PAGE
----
None of this is inevitable. Lest we imagine that slums and misery are somehow the fate of the Third World, it's worth recalling the horrific lower depths of London, Paris, and New York that inspired the great social movements of the 19th and 20th centuries, and the crusading zeal of novelists Charles Dickens and Victor Hugo and photographer Jacob Riis against the festering tenements, sweatshops, and child labor that blighted these cities, now among the First World's proudest metropolises. Solutions have been found before.

To discover how people are coping with drastic urban growth, photographer Stuart Franklin and I went to São Paulo, Bangkok, Lagos, and Hyderabad. I was prepared to be overwhelmed, and I was. But it wasn't the shapeless turmoil, the choking air, the crushing slums and mindless skyscrapers and fetid streams that left the deepest impression. It was the people, so tenacious, gallant, ingenious, and hopeful. These massive cities are not, as they may first appear, overloaded freighters with no rudder and a large hole in the hull. In the anonymous stretches of city peripheries and the deepest pockets of teeming old quarters, I found that what appeared to be each city's greatest burden—all those people—is in fact her richest resource. How to make it work is the problem.

Get the whole story in the pages of National Geographic magazine.



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The stresses of slum life manifest themselves in myriad ways—drugs, crime, family violence, disease, fires, and hopelessness—that can frustrate and even defeat grandiose municipal schemes. But in most big cities in the world, scores of private organizations, some foreign, many homegrown, are working at street level to provide what the government isn't able to.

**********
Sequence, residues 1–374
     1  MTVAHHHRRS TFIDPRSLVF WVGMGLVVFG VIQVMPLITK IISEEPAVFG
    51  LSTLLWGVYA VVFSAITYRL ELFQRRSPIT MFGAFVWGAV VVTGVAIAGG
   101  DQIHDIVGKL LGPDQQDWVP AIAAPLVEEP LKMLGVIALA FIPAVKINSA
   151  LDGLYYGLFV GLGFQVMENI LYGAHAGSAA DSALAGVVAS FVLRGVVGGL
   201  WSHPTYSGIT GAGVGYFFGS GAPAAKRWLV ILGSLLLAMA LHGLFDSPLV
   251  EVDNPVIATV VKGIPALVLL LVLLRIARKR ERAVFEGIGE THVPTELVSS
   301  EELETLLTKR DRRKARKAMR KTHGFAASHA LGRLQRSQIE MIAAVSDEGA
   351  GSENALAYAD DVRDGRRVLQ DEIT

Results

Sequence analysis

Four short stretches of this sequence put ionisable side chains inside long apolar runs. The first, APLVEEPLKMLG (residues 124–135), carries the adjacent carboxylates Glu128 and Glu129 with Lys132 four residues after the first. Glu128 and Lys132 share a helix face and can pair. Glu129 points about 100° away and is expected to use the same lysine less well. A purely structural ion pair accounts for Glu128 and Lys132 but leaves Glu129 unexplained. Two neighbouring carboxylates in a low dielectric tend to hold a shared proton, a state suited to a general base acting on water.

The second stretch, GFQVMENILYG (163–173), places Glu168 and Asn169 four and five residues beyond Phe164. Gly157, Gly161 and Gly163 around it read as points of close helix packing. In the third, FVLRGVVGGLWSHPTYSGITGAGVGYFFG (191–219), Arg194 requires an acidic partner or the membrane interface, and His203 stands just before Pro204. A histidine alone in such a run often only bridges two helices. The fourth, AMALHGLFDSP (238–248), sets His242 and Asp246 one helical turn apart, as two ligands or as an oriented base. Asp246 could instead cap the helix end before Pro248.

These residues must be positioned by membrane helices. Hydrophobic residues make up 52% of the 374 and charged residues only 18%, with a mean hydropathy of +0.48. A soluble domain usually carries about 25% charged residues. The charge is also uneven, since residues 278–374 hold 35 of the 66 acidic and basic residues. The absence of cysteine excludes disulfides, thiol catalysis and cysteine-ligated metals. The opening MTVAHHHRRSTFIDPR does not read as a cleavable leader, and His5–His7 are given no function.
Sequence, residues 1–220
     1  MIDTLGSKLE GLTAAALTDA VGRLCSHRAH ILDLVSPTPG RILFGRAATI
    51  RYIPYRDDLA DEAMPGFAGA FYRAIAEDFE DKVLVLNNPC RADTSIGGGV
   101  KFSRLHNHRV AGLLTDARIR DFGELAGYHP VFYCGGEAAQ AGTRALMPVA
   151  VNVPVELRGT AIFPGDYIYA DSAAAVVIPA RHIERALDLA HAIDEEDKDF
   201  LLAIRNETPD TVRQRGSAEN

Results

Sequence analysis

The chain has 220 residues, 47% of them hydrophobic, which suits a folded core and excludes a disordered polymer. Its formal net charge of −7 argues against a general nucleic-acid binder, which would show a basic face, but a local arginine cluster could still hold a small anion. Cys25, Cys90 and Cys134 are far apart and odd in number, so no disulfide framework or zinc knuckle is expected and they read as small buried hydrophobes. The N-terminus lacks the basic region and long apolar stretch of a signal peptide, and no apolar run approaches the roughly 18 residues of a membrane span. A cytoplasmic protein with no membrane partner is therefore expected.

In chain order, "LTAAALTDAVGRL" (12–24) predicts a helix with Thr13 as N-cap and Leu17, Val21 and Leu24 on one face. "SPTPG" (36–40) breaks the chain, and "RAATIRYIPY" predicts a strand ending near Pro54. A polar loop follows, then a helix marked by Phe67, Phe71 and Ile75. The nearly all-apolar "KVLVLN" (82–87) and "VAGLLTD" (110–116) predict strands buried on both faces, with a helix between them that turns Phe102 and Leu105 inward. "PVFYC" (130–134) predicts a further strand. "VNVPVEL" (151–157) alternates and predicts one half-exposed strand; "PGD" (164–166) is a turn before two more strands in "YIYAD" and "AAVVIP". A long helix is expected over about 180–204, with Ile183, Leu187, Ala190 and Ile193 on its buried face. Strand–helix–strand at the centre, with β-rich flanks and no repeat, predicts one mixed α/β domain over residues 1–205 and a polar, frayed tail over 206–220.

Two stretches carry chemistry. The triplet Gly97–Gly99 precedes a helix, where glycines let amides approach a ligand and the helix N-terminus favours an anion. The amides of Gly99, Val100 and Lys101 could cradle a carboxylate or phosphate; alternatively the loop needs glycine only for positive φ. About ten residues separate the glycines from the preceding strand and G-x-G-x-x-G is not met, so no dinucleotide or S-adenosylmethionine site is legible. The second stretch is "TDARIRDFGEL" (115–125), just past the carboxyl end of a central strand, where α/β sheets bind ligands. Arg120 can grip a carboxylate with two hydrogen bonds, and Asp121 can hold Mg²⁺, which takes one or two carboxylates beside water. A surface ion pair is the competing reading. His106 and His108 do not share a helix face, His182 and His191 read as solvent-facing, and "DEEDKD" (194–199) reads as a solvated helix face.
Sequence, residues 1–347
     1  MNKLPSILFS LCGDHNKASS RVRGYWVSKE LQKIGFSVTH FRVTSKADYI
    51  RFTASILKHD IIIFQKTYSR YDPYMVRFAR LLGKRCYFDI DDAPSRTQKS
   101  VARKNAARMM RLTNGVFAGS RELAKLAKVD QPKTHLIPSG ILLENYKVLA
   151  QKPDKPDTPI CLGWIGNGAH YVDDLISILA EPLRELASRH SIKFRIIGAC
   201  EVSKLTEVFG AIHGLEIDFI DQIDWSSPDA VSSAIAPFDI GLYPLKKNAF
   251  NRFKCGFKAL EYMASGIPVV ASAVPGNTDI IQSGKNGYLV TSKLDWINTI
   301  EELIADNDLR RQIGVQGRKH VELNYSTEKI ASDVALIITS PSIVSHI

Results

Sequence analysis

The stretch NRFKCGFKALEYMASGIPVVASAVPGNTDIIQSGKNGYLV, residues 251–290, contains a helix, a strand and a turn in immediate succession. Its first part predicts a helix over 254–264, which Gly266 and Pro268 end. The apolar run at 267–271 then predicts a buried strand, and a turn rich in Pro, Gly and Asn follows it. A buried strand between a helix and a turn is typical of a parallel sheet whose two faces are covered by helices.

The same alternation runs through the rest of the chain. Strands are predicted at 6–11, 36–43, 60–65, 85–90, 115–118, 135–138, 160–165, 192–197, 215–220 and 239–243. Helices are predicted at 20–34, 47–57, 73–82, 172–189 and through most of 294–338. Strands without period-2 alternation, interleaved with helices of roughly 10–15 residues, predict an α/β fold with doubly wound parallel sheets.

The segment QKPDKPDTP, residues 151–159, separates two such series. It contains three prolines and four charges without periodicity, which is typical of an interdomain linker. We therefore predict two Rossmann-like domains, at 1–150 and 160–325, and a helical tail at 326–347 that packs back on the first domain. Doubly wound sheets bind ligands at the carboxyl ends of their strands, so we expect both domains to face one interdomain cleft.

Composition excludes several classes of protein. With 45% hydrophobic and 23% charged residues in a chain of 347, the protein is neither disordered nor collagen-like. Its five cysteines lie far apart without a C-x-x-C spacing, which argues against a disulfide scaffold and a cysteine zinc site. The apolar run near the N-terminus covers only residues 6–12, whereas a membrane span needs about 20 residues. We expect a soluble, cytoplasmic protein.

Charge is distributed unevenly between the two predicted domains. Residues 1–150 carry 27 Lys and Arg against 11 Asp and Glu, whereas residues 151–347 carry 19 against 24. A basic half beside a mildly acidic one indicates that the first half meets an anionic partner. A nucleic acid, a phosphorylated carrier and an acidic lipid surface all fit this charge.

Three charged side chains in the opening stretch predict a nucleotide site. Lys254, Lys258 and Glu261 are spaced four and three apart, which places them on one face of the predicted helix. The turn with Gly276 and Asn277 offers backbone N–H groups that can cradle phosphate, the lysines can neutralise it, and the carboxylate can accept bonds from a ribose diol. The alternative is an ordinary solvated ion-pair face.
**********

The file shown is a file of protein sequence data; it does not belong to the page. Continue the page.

I visited many such projects: In São Paulo the nuns at Monte Tabor run a school and a farm, where growing corn and nurturing the baby goats helps the tense children become more gentle themselves; or the Ashoka Foundation (www.ashoka.org/home/index.cfm), where Leonardo Pessina has spent 30 years helping the formerly homeless build their own houses and, at the same time, build a sense of community. These nonprofit, multifaceted organizations fill in the gaps in city life that fast development and uneven distribution of benefits have torn open.

Bangkok's Duang Prateep Foundation (web.sfc.keio.ac.jp/~thiesmey/duangprateep.html) is an excellent example, with the added benefit that its founder, Prateep Ungsongtham Hata, was born and grew up in Bangkok's oldest and largest slum, Khlong Toei. Now a national senator, Prateep met me in the national parliament building. "When I was five my mother took me to play on the swings at Lumpini Park," she recalled, referring to a park in an upscale section of Bangkok. "I wondered why I couldn't have that every day. But I only did that one time when I was a child."